WW1 was also one of the most important events of the last 100 years, and many more men died and in what some might say are far worse circumstances but you dont get people commemorating every 5 minutes of that, or referring to it as the good old days.

I just don't get what the particular resonance of WW2 is to Britain, and why its captured our hearts/imaginations more than anything else in the last 100 years. My personal theory is that its because we have 'won' very little of significance since, and our world contribution has become significantly diluted so we look to WW2 as the last recent example of greatness and perhaps of control in the world, a kind of benign Empire, but I'd like to hear what other people think without being accused of being a pampered princess :rolleyes:

Funko
13-04-2005, 10:35:25
3 or 4 this year already? I don't remember any or haven't noticed them if there've been some. Last thing was remembrance day last year but that's not just WWII that's for all wars.

I didn't even know there was one now. What is it the 60th anniversary of VE day? Isn't that in the summer sometime? (reads link) oh. Yes. 60th Anniversary, probably the last big celebration the vets will be alive for.... good idea.

Drekkus
13-04-2005, 10:39:09
So when were you outside of England last?? Maybe you should a bit closer to other countries. WWII remembrance is still a big event in other European countries as well. In Holland we have a remembrance day for the dead on May 4, Liberation day on May 5, and all sorts of other festivities. In Belgium they still remember WW I every single DAY at Ieper.

mr.G
13-04-2005, 10:43:13
Originally posted by Drekkus
Liberation day on May 5........ dammit i thought that was saint Drekkus' day

Dyl Ulenspiegel
13-04-2005, 10:44:45
We remember the 30 year war.

mr.G
13-04-2005, 10:48:02
Is it still on?

Drekkus
13-04-2005, 10:51:00
Originally posted by mr.G
dammit i thought that was saint Drekkus' day it is, it is. I'm your Liberator.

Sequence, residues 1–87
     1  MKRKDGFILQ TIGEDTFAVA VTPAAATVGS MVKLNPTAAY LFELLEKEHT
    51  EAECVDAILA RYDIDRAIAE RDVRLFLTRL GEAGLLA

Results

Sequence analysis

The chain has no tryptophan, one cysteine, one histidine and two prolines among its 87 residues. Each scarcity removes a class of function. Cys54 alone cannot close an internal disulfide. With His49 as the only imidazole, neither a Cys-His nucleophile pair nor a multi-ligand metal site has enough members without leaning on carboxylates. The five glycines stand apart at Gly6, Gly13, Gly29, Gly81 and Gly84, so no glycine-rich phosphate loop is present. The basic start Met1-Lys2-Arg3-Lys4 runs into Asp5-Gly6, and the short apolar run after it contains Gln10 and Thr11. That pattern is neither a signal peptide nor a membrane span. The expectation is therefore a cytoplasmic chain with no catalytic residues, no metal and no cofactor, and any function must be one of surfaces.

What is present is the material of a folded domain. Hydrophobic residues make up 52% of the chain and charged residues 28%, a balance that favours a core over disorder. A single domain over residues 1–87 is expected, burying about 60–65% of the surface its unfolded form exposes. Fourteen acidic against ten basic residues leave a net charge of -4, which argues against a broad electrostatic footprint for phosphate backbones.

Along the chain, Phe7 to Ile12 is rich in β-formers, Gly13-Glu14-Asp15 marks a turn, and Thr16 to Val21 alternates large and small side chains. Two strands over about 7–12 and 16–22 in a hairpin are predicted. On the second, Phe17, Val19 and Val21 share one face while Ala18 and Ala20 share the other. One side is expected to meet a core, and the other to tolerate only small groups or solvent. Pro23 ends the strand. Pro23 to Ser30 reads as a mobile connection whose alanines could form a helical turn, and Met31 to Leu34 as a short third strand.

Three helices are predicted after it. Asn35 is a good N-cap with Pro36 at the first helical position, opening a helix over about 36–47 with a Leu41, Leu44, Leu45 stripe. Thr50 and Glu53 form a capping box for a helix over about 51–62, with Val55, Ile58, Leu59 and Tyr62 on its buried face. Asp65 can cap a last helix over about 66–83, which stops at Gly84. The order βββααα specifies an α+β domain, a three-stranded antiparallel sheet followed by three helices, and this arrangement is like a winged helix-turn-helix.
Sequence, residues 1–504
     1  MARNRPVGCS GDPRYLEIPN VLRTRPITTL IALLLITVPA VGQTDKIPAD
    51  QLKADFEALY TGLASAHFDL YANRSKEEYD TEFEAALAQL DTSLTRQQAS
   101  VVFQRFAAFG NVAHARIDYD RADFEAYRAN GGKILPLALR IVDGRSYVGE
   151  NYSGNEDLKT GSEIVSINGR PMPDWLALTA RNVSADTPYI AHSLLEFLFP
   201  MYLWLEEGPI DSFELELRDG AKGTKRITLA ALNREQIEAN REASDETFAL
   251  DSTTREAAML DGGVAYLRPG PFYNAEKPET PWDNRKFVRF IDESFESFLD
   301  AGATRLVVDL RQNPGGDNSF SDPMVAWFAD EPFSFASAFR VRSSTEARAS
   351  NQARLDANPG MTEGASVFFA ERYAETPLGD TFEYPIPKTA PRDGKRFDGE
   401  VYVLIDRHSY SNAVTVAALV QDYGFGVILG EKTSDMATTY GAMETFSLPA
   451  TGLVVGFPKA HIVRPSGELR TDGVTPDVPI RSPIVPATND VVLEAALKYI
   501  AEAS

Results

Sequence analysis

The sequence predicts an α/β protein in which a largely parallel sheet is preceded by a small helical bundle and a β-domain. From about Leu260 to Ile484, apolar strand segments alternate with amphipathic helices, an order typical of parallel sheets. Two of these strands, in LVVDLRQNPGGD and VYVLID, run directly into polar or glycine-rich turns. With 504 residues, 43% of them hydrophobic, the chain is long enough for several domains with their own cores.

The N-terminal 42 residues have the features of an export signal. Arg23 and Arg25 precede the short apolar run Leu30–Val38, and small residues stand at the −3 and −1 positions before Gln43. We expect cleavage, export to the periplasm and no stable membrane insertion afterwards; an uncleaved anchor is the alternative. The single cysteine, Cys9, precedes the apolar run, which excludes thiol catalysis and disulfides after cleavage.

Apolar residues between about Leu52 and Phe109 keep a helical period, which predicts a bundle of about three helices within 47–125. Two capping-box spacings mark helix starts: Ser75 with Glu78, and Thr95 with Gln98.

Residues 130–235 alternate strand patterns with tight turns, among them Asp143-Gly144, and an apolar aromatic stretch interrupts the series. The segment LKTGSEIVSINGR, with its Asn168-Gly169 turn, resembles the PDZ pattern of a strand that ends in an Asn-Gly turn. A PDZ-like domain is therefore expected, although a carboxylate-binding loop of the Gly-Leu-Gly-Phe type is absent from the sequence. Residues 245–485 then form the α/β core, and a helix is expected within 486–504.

mr.G
13-04-2005, 10:53:27
yaaaaay

heil Drekkus
heil Drekkus

Dyl Ulenspiegel
13-04-2005, 10:56:52
Originally posted by mr.G
Is it still on?

We're in a pause now. Why?

Drekkus
13-04-2005, 10:58:25
Originally posted by Dyl Ulenspiegel
We remember the 30 year war. Do you celebrate the Ausschluss from Bayern?

Funko
13-04-2005, 11:00:24
I was waiting for the Europeans but my impression's always been that all the other European countries still had big memorials too.

Dyl Ulenspiegel
13-04-2005, 11:00:42
" Do you celebrate the Ausschluss from Bayern?"

We celebrated 1000 years of that in 1996.

Drekkus
13-04-2005, 11:07:13
Originally posted by Funko
I was waiting for the Europeans but my impression's always been that all the other European countries still had big memorials too. May 5 is a national holiday here.

King_Ghidra
13-04-2005, 11:09:22
Originally posted by sleeping_satsuma
Don't be such an utter twat KG, what I am saying has nothing to do with preferring to listen to disco tunes, or 'taking a moment' to look outside my or anyone else's life, and I dont need you to judge me thanks.

looking at other people's posts on this subject it would seem to indicate that you do need to understand a bit more about the world, rather than forming your parochial view that ww2 is a peculiarly british obsession

it might satisfy your notion of what modern britain is by contextualising attitudes to ww2 as part of a faded nation's memories of glory, but for many people ww2 (and other such events) are living lessons of terrible mistakes of the past. It's all very well saying how much you respect the efforts of those who fought and 'those who also served' in ww2, but without the 'continual ploughing up' as you so sensitively put it, what is the value of that memory or the risk that it will fade?

Nills Lagerbaak
13-04-2005, 11:15:00
It doesn't seem to matter how often peoples' memories are refreshed. Countries still go to war, we still help invade soverign nations.